The typical Cleveland bus shelter is a drab glass-and-metal box whose primary purpose is keep the wind, snow, rain and salt off riders. They are not exactly known for their aesthetic appeal.
Yet two new shelters installed by the Greater Cleveland Regional Transit Authority (GCRTA) on Mayfield Road in Cleveland Heights take a more creative, sustainable approach. The solar-powered shelters light up in various colors at night, contain larger, more comfortable benches, and feature dividers for individual seats.
The new shelters were installed by GCRTA this month using a $100,000 grant from the Federal Transit Administration. They are located at Mayfield and Coventry Roads and Mayfield and Warrensville Center Roads. The project was completed in partnership with the City of Cleveland Heights.
“The solar bus stops are a very exciting project for Cleveland Heights that ties in to our commitment to ‘go green’ and support sustainability projects,” said Cleveland Heights Mayor Edward Kelley in a press release. “This partnership with RTA is a great visual way to promote solar energy.”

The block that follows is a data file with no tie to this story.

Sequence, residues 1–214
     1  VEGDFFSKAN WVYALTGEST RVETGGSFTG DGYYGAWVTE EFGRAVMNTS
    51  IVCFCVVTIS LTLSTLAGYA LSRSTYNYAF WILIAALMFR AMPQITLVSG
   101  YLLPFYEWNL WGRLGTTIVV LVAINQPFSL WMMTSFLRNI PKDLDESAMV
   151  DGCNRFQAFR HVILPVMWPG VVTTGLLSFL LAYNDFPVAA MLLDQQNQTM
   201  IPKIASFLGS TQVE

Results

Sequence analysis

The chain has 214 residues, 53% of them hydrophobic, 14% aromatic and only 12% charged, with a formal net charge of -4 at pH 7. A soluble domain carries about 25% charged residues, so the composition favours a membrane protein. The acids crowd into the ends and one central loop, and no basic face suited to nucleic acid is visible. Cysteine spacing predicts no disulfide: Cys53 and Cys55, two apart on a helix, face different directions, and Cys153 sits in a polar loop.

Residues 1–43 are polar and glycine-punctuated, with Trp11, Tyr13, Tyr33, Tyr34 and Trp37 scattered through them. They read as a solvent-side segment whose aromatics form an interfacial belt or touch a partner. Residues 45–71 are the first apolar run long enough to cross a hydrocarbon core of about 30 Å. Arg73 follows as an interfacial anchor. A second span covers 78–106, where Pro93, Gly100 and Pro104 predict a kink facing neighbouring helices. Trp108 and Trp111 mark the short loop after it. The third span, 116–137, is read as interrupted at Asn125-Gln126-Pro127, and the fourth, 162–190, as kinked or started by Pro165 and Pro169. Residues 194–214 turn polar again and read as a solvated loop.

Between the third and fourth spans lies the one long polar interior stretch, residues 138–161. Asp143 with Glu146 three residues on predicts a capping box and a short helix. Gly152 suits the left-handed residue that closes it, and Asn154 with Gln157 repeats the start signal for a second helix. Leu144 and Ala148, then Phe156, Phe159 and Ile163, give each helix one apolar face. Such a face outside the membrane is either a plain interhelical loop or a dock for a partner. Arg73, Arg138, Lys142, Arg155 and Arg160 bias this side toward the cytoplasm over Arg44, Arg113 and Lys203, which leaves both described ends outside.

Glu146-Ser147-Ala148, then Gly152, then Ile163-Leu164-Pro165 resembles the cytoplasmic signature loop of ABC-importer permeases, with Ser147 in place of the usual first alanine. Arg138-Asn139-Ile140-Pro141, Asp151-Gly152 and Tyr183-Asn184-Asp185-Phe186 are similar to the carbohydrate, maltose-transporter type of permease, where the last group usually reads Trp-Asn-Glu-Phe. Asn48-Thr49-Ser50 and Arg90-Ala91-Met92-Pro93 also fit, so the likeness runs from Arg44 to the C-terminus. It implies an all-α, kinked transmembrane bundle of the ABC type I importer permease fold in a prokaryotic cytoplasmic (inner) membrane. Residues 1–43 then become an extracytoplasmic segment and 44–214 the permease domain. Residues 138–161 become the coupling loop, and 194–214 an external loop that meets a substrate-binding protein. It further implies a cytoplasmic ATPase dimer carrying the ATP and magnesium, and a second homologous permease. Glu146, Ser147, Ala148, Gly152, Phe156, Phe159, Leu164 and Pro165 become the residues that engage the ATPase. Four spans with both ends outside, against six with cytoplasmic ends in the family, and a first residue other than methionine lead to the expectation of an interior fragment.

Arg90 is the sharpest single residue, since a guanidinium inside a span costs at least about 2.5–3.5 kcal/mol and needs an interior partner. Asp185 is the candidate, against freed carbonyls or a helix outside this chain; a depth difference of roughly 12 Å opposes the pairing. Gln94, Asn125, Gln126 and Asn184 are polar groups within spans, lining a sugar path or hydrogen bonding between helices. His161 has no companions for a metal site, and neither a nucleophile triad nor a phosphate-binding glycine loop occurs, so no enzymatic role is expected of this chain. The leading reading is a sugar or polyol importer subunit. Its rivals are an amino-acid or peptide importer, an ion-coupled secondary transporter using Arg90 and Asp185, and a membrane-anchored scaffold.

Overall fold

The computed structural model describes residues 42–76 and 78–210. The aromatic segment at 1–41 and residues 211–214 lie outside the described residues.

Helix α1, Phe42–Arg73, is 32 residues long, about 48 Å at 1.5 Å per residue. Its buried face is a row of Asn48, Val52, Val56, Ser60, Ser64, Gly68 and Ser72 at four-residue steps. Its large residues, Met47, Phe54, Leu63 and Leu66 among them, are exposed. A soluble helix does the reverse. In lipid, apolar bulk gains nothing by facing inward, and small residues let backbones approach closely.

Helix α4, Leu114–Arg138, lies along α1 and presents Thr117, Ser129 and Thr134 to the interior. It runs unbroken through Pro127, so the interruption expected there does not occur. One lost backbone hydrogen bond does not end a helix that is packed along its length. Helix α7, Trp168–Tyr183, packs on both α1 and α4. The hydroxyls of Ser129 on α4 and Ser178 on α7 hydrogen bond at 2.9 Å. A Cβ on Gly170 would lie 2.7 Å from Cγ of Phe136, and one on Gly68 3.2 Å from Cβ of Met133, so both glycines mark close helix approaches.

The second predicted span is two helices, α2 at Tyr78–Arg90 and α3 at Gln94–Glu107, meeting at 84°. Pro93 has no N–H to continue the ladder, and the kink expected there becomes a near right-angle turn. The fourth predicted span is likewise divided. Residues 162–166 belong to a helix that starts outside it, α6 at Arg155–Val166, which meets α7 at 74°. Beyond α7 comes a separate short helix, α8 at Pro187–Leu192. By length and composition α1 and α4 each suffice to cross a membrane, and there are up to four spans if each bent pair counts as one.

RTA General Manager Joe Calabrese stated that the project is evidence of RTA’s commitment to sustainability. “Using public transit has always been great for the environment,” he said. “Now, we have re-committed all of RTA to be more sustainable.”
The shelters are powered by a rooftop solar-powered battery system. The exterior lights turn different colors at night, while the interior lights are motion-sensitive and turn on only when a customer is in the shelter.
The shelters were designed by Solar Impact, a local renewable energy company that is based in Shaker Heights. GCRTA developed the bus shelters as part of its sustainability initiative and Transit Waiting Environment program, an effort to improve its bus shelters so that they are more comfortable for users.
Fresh Water Cleveland, 9/29/11